If H&C were even halfway decent journalists they would have asked Ron and I if we had a logical explanation for our position.  Even expecting us to lie, they might have gleaned some insight.  But no.  They talked only to folks who would support their thesis.  Fact checking is obviously not their strong point.   


The truth is that over a period of many years, beginning in the early 1990s, Ron and I began to suspect that a significant number of circles were manmade, and in recent years our studies have convinced us that probably all complex formations are flattened with stomper boards.  Our change of heart was SLOW and reluctant, and not a sudden “about face” as H&C have assumed.   Ask anyone who has known us personally during the past decade. 

Reading their article one gets the impression that Ron and I have been energetically rubbishing the circle phenomenon all over the place.   

Well, I fear I haven’t been doing enough to justify MY fat Swiss bank account!  In fact, aside from our Hilmartin report, I have published nothing and have given no lectures in over a year and a half.  (I have had invitations.)  Believe it or not, I’ve got no interest in sabotaging people’s dreams!  Once I became sure there were no “genuine” complex formations, I dropped out of the lecture circuit.  My swan song was at Cricklade in 2000. 

In fact, if it weren’t for public attacks from believers, to whom I feel it is my duty to reply, I would be off the public radar.  Ironic -- they have to goad me into it!  The “believer” press is my greatest promoter.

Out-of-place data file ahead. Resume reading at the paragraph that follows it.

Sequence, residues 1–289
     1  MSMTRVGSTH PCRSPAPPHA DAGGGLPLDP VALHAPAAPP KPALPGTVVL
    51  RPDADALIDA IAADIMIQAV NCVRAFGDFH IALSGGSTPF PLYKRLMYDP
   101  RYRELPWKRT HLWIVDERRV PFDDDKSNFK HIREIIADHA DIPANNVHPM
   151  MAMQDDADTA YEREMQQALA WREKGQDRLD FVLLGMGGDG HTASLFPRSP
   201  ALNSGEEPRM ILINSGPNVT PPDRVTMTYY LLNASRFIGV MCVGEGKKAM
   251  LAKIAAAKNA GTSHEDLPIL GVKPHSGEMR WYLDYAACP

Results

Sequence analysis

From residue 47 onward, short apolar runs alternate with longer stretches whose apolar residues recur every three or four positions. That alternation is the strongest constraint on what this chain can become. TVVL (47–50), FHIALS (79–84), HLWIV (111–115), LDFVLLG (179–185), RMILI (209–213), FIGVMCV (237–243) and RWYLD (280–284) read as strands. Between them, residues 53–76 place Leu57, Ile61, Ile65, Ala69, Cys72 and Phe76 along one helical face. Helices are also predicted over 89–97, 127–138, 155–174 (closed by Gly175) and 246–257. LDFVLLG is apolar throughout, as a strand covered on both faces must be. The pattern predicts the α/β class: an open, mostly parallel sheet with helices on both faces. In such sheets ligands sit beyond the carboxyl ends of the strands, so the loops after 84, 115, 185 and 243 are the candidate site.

The authors devote several paragraphs to a dinner that Ron & I had with our mutual friend Linda, which they describe as being like a “lion’s den,” with “all present vainly trying to convince her that the majority of the best formations were man-made, mostly by them and to radically shift her stance on the subject.”  

It is true that what had been intended as a quiet evening turned into a big discussion between Linda and Matt Williams (and several other circle artists who showed up unexpectedly).  I don’t know if Matt had been invited, but the others had not been.  And there was certainly no premeditated plot to trap Linda in a star chamber. 

In fact Linda had met together with Matt, Ron and myself on a few previous occasions, and she has asked us -- no exaggeration -- hundreds of questions about manmade circles.  The dialogue that evening simply continued her investigation of the matter.  She asked questions -- we answered.  She could have changed the subject at any time.  We certainly couldn’t have compelled her to stay against her will. 

And although I do recall her saying to Matt during the meal that she thought he sounded like someone with the CIA, I’m sure she did not say we were “all on the payroll of the CIA.”  Coming from an old friend, that would have made a memorable dent in my brain! 

By the way, no one who knows Linda well would dream of trying to twist her arm into altering her views.  She is one of the most knowledgeable and courageous investigators in the entire paranormal field.  She could no more be forced into changing her mind than water could be sweet-talked into flowing uphill.